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DIGESTION MANAGEMENT

What Causes Occasional Bloating? The Ayurvedic Perspective

ISSUED // January 18

What Causes Occasional Bloating? The Ayurvedic Perspective

Sometimes, no matter what you eat, your belly feels bloated. You know the feeling: your waistband’s too tight, your stomach feels like a beachball, and all you want to do is wear sweatpants. So what causes occasional bloating? In Ayurveda, the answer has a lot to do with Vata dosha—the Ayurvedic mind-body energy associated with air and space. Nutrition and lifestyle play a part, too. In this article, we’ll explore the Ayurvedic perspective on bloating, along with some simple tips for addressing it naturally.

Common sources & signs of bloating

Certain foods give just about everyone gas (bean burrito, anyone?). And women’s hormones can also be a factor in belly discomfort, especially during the menstrual cycle and menopausal transition. In some cases, bloating can be caused by an underlying health issue; always check with your doctor. But from the Ayurvedic perspective, weak digestion is often the culprit behind occasional bloating. 

Some of the signs of weak digestion, or low agni (digestive fire) include:

  • Occasional gas, bloating, constipation, or a swollen and distended belly.
  • Feeling dull and lethargic
  • Indigestion, acid stomach, or even diarrhea
  • Skin issues
  • Weakened immunity

These are also the signs of an accumulation of ama (a sticky, toxic substance) in the digestive tract. Other signs of ama in the body may include an uncomfortable response to allergens and a sticky white or yellowish coating on the tongue in the morning. If you’re experiencing some of these issues, don’t worry! There are plenty of simple strategies for clearing ama from your system, and we’ll explore them below. But first, let’s talk about bloating and the Ayurvedic doshas.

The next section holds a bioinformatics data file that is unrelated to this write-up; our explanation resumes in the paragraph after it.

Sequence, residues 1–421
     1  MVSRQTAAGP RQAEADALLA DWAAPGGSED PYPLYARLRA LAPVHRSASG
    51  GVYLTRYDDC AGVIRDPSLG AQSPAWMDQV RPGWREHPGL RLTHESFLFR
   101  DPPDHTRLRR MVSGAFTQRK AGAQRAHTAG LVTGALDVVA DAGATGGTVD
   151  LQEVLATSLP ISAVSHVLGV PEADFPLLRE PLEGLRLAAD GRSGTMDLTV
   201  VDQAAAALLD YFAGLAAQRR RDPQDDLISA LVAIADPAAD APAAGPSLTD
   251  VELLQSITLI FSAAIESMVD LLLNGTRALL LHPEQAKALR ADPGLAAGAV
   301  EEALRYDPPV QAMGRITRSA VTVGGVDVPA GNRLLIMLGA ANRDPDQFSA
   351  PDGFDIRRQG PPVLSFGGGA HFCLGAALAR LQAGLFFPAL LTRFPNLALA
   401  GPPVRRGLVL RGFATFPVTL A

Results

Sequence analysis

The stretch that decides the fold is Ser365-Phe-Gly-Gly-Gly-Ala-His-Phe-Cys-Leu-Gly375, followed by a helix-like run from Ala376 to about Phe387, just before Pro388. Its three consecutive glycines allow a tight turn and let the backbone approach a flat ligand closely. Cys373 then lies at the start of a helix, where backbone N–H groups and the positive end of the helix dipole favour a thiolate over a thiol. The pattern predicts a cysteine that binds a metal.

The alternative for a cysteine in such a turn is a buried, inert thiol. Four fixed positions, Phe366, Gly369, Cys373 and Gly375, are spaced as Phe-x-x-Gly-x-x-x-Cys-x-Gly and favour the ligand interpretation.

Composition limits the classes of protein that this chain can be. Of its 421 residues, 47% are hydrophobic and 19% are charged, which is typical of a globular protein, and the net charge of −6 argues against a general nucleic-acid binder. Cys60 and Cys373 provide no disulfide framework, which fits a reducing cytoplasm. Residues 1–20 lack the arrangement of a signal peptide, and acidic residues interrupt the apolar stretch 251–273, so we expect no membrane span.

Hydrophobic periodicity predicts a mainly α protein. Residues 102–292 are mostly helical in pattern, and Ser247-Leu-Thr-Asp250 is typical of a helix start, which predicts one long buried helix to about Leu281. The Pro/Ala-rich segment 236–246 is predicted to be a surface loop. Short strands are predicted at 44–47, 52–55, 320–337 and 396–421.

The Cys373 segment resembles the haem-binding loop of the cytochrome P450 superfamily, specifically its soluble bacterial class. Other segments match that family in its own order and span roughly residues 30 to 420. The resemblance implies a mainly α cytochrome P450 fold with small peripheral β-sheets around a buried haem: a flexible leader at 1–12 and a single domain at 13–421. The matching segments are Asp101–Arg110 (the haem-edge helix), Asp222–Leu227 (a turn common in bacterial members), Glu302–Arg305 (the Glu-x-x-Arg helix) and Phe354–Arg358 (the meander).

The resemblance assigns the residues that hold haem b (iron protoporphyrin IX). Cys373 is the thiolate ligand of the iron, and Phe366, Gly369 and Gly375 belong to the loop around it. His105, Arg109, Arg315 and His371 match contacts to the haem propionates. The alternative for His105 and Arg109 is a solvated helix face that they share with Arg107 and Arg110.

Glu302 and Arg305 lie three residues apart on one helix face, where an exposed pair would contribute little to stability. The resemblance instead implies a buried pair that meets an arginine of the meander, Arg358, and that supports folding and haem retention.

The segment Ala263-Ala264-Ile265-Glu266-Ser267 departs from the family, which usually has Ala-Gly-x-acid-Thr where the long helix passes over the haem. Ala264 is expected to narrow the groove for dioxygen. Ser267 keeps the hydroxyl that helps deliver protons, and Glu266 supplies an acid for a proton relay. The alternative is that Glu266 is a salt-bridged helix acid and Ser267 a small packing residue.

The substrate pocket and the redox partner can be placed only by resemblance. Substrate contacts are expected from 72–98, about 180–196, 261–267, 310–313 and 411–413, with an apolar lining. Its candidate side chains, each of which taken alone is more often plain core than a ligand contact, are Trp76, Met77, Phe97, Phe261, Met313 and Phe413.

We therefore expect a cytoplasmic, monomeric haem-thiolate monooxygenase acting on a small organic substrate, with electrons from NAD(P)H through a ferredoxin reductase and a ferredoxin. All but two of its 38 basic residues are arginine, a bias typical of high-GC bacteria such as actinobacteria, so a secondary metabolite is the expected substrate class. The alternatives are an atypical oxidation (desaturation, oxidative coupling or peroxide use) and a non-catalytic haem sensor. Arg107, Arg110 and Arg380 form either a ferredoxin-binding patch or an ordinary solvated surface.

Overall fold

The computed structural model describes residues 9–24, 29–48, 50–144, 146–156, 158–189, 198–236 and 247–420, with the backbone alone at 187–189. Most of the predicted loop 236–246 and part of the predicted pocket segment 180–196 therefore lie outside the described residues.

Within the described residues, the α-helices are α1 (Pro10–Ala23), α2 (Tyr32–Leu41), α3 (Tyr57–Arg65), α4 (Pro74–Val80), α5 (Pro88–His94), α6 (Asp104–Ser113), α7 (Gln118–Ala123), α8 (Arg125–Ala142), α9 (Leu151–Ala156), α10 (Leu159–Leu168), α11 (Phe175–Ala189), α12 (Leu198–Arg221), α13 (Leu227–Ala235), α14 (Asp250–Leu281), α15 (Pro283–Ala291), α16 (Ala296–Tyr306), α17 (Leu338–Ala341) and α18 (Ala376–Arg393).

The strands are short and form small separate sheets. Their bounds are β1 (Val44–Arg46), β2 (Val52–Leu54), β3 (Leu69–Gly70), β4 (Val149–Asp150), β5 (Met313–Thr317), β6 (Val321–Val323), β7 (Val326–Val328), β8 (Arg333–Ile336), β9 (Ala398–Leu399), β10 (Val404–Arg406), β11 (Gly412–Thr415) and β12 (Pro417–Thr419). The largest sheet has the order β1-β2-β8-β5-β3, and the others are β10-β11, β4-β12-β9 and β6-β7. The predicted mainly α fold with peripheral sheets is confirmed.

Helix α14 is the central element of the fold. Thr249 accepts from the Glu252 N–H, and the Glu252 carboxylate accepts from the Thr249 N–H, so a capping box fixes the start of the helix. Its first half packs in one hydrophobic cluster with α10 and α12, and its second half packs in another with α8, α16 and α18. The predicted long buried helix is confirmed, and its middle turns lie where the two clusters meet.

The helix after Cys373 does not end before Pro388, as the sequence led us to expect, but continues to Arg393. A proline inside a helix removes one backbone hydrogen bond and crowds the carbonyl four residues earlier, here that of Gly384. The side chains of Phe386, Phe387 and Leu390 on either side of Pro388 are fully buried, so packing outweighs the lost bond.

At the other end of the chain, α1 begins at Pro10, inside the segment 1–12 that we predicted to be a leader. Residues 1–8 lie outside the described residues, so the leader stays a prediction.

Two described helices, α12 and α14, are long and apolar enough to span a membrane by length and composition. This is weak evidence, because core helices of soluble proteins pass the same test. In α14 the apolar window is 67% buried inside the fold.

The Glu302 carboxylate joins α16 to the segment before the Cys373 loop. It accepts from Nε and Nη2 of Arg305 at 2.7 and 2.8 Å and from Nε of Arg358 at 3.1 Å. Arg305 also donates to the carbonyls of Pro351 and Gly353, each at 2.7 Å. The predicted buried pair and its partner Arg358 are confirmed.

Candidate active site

Bloating and Vata dosha

In Ayurveda, there are three different mind-body energies, or doshas—Vata, Pitta, and Kapha—and each one is associated with elements in nature. Vata is associated with air/space, Pitta is associated with fire/water, and Kapha is associated with earth/water. Vata dosha governs all movement in the mind and body, and is located in the colon. Bloating from time to time is often an indication of excess Vata dosha in the colon. 

If you think about it, what happens to air and space when they move? They become wind! In that same way, when there’s either too much or too little movement in the eliminative organs, you’ll often feel “windy” or gassy. This is one of the hallmarks of a Vata-related digestive issue.

Each of the three Ayurvedic doshas has different qualities. Vata is cool, dry, and erratic; Pitta is hot, sharp, and intense; and Kapha is cool, heavy, and oily. When you consider Vata dosha’s cooling, drying characteristics, it makes sense that an excess of Vata has a “drying” effect on the digestive system, leading to issues like constipation.

Signs of excess Vata in the eliminatory system

There are four main ways that a Vata imbalance can manifest lower digestive tract. They are:

  • Anaha - constipation
  • Adhmana - bloating
  • Atopa - bloating and gassiness